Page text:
Earlier this year I wrote about the recent rise of measles cases across much of Europe (see Measles: Forgotten, But Not Gone), with details gleaned from the WHO’s WER (Weekly Epidemiological Record), and including a referral to an excellent 5-part series on measles by Ian York.
The WER report (Measles outbreaks in Europe) detailed an outbreak, which had – as of April 18th –had infected more than 6,500 people in 33 nations.
This spring a significant number of measles cases have been imported into the United States from this outbreak, and with the summer travel season upon us, the potential for seeing more cases is great.
For this reason, the CDC released a HAN Advisory on measles last night.
The CDC’s Health Alert Network (HAN) is designed to ensure that communities, agencies, health care professionals, and the general public are able to receive timely information on important public health issues.
There are 4 types of HAN releases.
Conveys the highest level of importance; warrants immediate action or attention.
Provides important information for a specific incident or situation; may not require immediate action.
Provides updated information regarding an incident or situation; unlikely to require immediate action.
Provides general information that is not necessarily considered to be of an emergent nature.
This is an official
CDC HEALTH ADVISORYDistributed via Health Alert Network
June 22, 2011, 16 :00 EST (04:00 PM EST)
Summary and Background
The United States is experiencing a high number of reported measles cases in 2011, many of which were acquired during international travel. From January 1 through June 17 this year, 156 confirmed cases of measles were reported to CDC. This is the highest reported number since 1996. Most cases (136) were associated with importations from measles-endemic countries or countries where large outbreaks are occurring. The imported cases involved unvaccinated U.S. residents who recently traveled abroad, unvaccinated visitors to the United States, and people linked to these imported cases. To date, 12 outbreaks (3 or more linked cases) have occurred, accounting for 47% of the 156 cases. Of the total case-patients, 133 (85%) were unvaccinated or had undocumented vaccination status. Of the 139 case-patients who were U.S. residents, 86 (62%) were unvaccinated, 30 (22%) had undocumented vaccination status, 11 (8%) had received 1 dose of measles-mumps-rubella (MMR) vaccine, 11 (8%) had received 2 doses, and 1 (1%) had received 3 (documented) doses.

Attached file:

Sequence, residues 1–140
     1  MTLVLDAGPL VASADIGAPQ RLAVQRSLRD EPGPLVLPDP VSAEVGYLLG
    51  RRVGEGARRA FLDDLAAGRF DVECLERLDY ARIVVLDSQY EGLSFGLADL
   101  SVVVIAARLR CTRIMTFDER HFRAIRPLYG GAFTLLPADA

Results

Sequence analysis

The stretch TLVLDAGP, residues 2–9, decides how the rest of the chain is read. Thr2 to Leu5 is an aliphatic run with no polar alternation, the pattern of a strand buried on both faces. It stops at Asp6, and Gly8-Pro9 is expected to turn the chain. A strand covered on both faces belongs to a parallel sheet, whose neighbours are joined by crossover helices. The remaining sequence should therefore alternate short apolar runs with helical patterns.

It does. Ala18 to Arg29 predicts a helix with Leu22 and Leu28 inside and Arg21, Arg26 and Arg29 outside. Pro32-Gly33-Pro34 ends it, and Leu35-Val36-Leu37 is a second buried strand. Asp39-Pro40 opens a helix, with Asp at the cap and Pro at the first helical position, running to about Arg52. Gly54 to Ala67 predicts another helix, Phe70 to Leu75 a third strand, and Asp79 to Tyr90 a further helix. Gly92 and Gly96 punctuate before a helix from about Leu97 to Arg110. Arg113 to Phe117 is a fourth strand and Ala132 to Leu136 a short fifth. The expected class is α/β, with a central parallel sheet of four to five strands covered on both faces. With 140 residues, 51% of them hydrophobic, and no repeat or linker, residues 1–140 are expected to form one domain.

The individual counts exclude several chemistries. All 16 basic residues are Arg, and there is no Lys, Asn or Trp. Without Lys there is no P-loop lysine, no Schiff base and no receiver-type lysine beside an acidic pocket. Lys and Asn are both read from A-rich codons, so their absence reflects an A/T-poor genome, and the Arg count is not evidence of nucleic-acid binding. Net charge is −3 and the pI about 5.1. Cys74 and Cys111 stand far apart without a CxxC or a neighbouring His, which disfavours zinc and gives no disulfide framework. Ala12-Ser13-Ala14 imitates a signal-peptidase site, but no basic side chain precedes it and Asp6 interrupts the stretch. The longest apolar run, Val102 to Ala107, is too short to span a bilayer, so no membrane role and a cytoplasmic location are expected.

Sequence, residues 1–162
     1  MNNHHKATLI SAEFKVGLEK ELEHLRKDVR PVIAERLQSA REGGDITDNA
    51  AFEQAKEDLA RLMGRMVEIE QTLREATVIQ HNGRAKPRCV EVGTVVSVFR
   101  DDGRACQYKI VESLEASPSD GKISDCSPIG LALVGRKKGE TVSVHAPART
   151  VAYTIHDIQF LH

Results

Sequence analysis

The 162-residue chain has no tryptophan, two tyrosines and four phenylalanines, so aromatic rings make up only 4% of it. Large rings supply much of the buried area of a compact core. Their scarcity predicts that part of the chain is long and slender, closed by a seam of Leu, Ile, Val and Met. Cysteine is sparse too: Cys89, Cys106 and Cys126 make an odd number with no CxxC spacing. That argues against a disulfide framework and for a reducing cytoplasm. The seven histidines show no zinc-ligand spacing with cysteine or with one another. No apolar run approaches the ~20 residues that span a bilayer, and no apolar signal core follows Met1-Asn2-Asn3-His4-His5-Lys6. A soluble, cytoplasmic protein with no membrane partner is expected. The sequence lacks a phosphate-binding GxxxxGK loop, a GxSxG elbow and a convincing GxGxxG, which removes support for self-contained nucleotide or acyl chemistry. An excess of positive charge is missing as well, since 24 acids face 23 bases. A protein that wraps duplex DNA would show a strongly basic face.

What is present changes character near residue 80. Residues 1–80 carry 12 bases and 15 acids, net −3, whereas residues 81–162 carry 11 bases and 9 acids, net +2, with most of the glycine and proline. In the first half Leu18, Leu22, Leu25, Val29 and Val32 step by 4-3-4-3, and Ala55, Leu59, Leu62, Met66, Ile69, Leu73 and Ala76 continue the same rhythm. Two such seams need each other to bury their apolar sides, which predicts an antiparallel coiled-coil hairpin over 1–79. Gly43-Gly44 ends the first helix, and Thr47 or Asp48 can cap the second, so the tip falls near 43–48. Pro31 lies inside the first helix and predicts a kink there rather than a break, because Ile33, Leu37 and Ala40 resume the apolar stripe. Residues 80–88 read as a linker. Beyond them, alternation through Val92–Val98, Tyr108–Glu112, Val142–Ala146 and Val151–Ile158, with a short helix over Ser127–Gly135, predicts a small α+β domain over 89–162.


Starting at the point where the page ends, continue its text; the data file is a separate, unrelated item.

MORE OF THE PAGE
Measles was declared eliminated in the United States in 2000 due to our high 2-dose measles vaccine coverage, but it is still endemic or large outbreaks are occurring in countries in Europe (including France, the United Kingdom, Spain, and Switzerland), Africa, and Asia (including India). The increase in measles cases and outbreaks in the United States this year underscores the ongoing risk of importations, the need for high measles vaccine coverage, and the importance of prompt and appropriate public health response to measles cases and outbreaks.
Measles is a highly contagious, acute viral illness that is transmitted by contact with an infected person through coughing and sneezing. After an infected person leaves a location, the virus remains contagious for up to 2 hours on surfaces and in the air. Measles can cause severe health complications, including pneumonia, encephalitis, and death.
Recommendations for Health Care Providers
- Ensure all patients are up to date on MMR vaccine* and other vaccines.
- For those who travel abroad, CDC recommends that all U.S. residents older than 6 months be protected from measles and receive MMR vaccine, if needed, prior to departure.
- Infants 6 through 11 months old should receive 1 dose of MMR vaccine before departure.†
- Children 12 months of age or older should have documentation of 2 doses of MMR vaccine (separated by at least 28 days).
- Teenagers and adults without evidence of measles immunity** should have documentation of 2 appropriately spaced doses of MMR vaccine.
- Consider measles as a diagnosis in anyone with a febrile rash illness lasting 3 days or more, a temperature of 101ºF (38.3ºC) or higher, and clinically compatible symptoms (cough, coryza, and/or conjunctivitis) who has recently traveled abroad or who has had contact with someone with a febrile rash illness. Immunocompromised patients may not exhibit rash or may exhibit an atypical rash. The incubation period for measles from exposure to fever is usually about 10 days (range, 7 to 12 days) and from exposure to rash onset is usually 14 days (range, 7 to 21 days).
- Isolate suspect measles case-patients and immediately report cases to local health departments to ensure a prompt public health response.
- Obtain specimens for testing, including viral specimens for confirmation and genotyping.
Measles was considered eliminated in the United States by the year 2000 due to the introduction of the measles vaccine in the mid-1960s.
Despite this success, there remain enough unvaccinated individuals to create cracks in our hard won `herd immunity’, and that allow the virus an opportunity to spread.